SBIR Phase II: Nutrient-Enhanced Soybean for Aquafeed

Period of Performance: 04/01/2017 - 03/31/2019


Phase 2 SBIR

Recipient Firm

Plant Sensory Systems, Llc.
6204 Blackburn Lane Array
Baltimore, MD 21212
Firm POC, Principal Investigator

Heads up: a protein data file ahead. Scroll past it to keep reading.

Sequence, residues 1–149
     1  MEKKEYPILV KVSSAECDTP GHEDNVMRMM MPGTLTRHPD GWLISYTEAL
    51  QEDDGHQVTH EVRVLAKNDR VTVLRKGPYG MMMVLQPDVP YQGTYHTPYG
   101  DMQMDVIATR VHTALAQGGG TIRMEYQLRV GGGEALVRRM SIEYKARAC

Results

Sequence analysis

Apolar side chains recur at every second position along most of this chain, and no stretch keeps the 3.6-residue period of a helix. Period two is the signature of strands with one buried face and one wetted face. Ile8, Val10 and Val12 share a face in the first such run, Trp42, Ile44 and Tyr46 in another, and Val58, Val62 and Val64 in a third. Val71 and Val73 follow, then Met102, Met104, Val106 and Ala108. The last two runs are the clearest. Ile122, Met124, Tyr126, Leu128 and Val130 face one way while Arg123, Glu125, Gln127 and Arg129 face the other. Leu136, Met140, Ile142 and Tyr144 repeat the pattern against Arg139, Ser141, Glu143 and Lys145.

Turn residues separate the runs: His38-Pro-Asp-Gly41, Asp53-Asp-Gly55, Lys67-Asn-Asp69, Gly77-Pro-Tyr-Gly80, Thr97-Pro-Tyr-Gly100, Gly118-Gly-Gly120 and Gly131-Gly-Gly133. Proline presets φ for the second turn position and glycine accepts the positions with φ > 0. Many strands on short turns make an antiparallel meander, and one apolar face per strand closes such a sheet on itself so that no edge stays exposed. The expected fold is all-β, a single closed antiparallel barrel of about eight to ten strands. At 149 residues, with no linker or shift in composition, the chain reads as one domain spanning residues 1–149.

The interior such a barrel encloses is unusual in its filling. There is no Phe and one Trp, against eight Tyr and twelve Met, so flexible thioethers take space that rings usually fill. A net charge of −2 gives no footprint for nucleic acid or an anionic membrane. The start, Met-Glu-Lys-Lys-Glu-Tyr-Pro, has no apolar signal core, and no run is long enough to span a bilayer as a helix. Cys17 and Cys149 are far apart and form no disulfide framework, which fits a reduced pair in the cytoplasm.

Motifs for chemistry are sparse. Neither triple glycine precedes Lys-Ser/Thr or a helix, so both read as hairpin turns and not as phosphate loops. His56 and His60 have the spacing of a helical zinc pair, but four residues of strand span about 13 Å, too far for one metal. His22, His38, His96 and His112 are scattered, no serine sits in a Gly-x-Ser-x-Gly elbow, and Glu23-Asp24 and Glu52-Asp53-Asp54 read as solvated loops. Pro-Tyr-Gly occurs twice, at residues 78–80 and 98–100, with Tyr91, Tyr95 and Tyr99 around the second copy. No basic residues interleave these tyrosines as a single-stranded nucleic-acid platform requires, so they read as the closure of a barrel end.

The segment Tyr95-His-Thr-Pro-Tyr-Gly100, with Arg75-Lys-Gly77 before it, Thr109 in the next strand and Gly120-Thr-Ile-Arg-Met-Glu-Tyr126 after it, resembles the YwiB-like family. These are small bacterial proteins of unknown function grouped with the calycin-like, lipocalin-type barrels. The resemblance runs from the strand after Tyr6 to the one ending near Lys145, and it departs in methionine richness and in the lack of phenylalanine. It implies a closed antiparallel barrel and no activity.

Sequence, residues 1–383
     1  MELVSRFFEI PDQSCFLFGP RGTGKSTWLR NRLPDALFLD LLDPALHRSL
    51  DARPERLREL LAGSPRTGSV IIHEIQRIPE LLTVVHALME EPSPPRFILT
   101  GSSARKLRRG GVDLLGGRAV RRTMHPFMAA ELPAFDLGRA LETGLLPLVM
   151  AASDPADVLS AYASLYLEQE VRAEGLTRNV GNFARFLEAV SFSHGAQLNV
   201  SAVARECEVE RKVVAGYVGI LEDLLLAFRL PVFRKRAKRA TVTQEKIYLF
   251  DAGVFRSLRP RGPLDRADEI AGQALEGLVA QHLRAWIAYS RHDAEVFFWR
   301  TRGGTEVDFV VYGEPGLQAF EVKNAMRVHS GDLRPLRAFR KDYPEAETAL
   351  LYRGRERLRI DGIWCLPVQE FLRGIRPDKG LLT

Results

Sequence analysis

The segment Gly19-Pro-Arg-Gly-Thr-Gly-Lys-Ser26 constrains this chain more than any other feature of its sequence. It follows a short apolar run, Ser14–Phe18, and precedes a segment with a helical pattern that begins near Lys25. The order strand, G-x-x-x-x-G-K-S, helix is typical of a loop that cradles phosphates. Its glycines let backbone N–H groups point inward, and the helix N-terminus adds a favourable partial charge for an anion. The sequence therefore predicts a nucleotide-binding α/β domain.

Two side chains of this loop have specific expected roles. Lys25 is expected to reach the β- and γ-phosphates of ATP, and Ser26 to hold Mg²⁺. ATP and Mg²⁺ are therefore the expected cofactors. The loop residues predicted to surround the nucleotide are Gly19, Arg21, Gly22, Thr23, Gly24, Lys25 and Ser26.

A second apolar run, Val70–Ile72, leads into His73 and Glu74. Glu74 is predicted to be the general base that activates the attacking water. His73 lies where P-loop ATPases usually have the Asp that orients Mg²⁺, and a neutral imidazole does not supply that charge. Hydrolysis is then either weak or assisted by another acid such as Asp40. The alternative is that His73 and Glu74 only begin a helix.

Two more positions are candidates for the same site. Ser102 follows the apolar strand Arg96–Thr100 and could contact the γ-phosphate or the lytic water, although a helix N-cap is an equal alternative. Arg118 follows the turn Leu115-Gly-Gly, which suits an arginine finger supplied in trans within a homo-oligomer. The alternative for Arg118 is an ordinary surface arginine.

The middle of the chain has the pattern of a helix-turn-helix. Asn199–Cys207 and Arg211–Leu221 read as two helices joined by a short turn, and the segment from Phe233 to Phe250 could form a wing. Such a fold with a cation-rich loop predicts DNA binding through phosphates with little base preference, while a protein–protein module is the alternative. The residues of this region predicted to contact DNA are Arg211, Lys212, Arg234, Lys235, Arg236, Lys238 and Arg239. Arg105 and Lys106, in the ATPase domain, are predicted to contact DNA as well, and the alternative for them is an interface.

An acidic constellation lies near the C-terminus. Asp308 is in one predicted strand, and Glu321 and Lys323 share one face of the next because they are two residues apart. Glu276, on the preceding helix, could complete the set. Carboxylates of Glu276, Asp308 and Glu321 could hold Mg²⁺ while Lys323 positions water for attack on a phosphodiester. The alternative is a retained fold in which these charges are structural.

The broader impact/commercial potential of this Small Business Innovation Research (SBIR) Phase II project will be the production of enhanced-nutrition soybeans that have high levels of protein for use in aquafeed. Meat and fish consumption is rapidly growing due to increased world population and affluence. Aquaculture is the fastest growing food sector. Small wild-caught fish are used for aquaculture feed. Wild-caught fish harvests have not changed in 25 years and overfishing small fish jeopardizes the marine ecosystem. Aquafeed producers are turning to soy-based protein to replace fishmeal but soy-based proteins lack taurine and are deficient in methionine, two important nutrients for fish. To meet fish nutritional requirements, producers supplement soy-based aquafeed with synthetic taurine and methionine. In addition to added costs, synthetic taurine and methionine are produced from hazardous substances, and synthetic taurine has been shown to contain arsenic. Successful development of enhanced-nutrition soybean seeds would reduce the amount of supplemental nutrients required in aquafeed, a $2.2B global annual cost predicted for 2020, and could save aquafeed producers 20% of their additive feed costs. Enhanced-nutrition soybean seeds would be an economical, healthy, sustainable, environmentally friendly and secure source of taurine and methionine for the rapidly growing aquaculture industry. This SBIR Phase II project will use a biotechnology approach to increase the essential nutrients in soybean seeds for use in aquafeed. Many aquafeed producers use plant-based protein, primarily from soybean, as a replacement for fishmeal. However, plants lack some nutrients required for normal fish growth and development. Taurine and methionine, two nutrients either lacking or limited in soybean, are supplemented to soy-based aquafeed, thus increasing feed-production costs. The goal of this project is to increase the levels of taurine and methionine produced in the seeds of a commercial-grade, high-protein soybean variety that has high feed digestibility. Molecular and biochemical methods will be used to identify soybean seeds with: (1) taurine and high methionine levels; (2) uncompromised quality and viability; (3) unaffected levels of other nutrients; (4) normal to higher-than-normal protein content; and (5) low levels of nondigestible compounds. The anticipated results are the production of soybean seeds with a minimum of 0.2% taurine (dry seed weight) and at least 50% more total methionine compared with control seeds.